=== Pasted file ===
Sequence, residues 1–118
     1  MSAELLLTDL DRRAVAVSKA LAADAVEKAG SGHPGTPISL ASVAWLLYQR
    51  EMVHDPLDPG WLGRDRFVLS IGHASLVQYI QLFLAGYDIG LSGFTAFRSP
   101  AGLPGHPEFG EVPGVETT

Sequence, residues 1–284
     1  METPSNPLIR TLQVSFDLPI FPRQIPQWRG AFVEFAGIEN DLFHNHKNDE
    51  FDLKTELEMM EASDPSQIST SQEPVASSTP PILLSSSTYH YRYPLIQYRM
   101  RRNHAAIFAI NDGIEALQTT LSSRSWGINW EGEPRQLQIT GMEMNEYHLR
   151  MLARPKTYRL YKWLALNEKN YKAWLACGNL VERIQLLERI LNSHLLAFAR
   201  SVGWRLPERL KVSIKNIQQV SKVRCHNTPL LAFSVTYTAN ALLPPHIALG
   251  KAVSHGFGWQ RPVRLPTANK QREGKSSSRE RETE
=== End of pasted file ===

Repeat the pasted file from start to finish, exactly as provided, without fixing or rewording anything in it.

Sequence, residues 1–118
     1  MSAELLLTDL DRRAVAVSKA LAADAVEKAG SGHPGTPISL ASVAWLLYQR
    51  EMVHDPLDPG WLGRDRFVLS IGHASLVQYI QLFLAGYDIG LSGFTAFRSP
   101  AGLPGHPEFG EVPGVETT

Sequence, residues 1–284
     1  METPSNPLIR TLQVSFDLPI FPRQIPQWRG AFVEFAGIEN DLFHNHKNDE
    51  FDLKTELEMM EASDPSQIST SQEPVASSTP PILLSSSTYH YRYPLIQYRM
   101  RRNHAAIFAI NDGIEALQTT LSSRSWGINW EGEPRQLQIT GMEMNEYHLR
   151  MLARPKTYRL YKWLALNEKN YKAWLACGNL VERIQLLERI LNSHLLAFAR
   201  SVGWRLPERL KVSIKNIQQV SKVRCHNTPL LAFSVTYTAN ALLPPHIALG
   251  KAVSHGFGWQ RPVRLPTANK QREGKSSSRE RETE